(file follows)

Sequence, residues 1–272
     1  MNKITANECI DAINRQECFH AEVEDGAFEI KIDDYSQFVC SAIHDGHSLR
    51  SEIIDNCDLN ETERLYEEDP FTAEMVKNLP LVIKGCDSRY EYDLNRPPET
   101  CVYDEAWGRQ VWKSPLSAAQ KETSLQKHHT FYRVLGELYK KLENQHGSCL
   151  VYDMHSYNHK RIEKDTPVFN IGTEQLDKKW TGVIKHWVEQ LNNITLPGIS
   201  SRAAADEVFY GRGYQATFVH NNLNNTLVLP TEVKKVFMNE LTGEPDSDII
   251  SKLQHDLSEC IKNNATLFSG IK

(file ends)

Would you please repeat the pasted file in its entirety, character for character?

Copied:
Sequence, residues 1–272
     1  MNKITANECI DAINRQECFH AEVEDGAFEI KIDDYSQFVC SAIHDGHSLR
    51  SEIIDNCDLN ETERLYEEDP FTAEMVKNLP LVIKGCDSRY EYDLNRPPET
   101  CVYDEAWGRQ VWKSPLSAAQ KETSLQKHHT FYRVLGELYK KLENQHGSCL
   151  VYDMHSYNHK RIEKDTPVFN IGTEQLDKKW TGVIKHWVEQ LNNITLPGIS
   201  SRAAADEVFY GRGYQATFVH NNLNNTLVLP TEVKKVFMNE LTGEPDSDII
   251  SKLQHDLSEC IKNNATLFSG IK